Japanese visitors to Kaimu, where we lived when I was there, liked to observe that “kai” in Japanese means “great,” and so Kaimu would translate as “great Mu.” Roshi would always just sort of nod politely, having heard it one too many times, but you can understand why his visitors felt compelled to say it. This was his practice: a gentle but constant inquiry, a great Mu that suffused his whole life.

We often received visitors there at Kaimu, some of whom would stay just for a meal, some for weeks or even months. Danan Henry Roshi (our former teacher at the ZCD) came for a long stay, as he had for many years; Peggy Sheehan and Karin Kempe (now teachers at the ZCD) visited, as did many others, including many prominent Zen teachers, who came one and all for Aitken Roshi’s insight, instruction, and sound counsel.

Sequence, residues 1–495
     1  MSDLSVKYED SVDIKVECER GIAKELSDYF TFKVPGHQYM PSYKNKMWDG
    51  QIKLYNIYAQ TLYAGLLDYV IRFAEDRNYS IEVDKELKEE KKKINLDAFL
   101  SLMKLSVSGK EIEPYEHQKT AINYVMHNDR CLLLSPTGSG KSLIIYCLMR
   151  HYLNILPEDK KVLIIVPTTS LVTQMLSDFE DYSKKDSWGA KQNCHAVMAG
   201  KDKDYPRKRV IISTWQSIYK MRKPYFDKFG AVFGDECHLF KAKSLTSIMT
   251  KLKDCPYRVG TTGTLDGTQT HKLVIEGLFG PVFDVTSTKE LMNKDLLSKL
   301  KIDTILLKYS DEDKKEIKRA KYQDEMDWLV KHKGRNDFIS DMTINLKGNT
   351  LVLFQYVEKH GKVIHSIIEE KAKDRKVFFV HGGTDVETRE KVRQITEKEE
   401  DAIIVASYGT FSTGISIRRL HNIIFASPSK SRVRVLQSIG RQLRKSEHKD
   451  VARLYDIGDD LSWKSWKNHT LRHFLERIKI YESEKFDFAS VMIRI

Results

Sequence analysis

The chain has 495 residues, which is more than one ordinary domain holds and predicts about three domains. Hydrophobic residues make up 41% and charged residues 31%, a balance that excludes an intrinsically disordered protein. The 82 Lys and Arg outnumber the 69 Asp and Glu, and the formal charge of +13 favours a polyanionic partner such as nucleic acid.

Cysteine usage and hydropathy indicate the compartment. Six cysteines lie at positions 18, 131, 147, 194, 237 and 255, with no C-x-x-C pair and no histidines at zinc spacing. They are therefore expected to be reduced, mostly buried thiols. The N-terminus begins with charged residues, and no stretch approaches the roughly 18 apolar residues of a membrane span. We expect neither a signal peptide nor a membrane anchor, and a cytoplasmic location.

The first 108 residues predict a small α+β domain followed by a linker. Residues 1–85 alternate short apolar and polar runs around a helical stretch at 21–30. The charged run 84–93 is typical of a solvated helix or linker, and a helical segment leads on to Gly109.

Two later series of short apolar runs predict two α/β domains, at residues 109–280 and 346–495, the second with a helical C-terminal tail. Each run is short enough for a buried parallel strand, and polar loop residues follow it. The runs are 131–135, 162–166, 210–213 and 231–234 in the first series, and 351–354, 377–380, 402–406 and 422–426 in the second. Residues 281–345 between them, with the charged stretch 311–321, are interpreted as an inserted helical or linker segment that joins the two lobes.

Life at Kaimu followed a simple schedule. Each weekday morning we would have zazen, and Roshi would offer dokusan. Morning was for work, with Roshi parking himself at his computer to tap away at whatever writing project he was working on. Lunch was fairly informal and eaten in the guest house. Afternoon was for other chores, such as driving into town, though often, especially on the weekends, Lindsey and I, along with our guests, might pop off to the beach for a quick swim. But not to be missed was Aitken Roshi’s daily constitutional around 4 p.m., when he would walk down to the end of the road with whoever joined him, talking quietly, pointing out different kinds of trees, flowers and birds, and waving to each and every passing car. At 5 or 5:30 we would have supper, marked of course by the high quality of conversation at the table, with many a lively guest. Toward evening, finally, there would be informal zazen, sitting quietly in the little zendo, hearing the ceaseless crash of waves upon the lava. Saturdays were for rest, and on Sunday mornings we would be joined in the zendo by our small local sangha for zazen, teisho, and a question-and-answer period.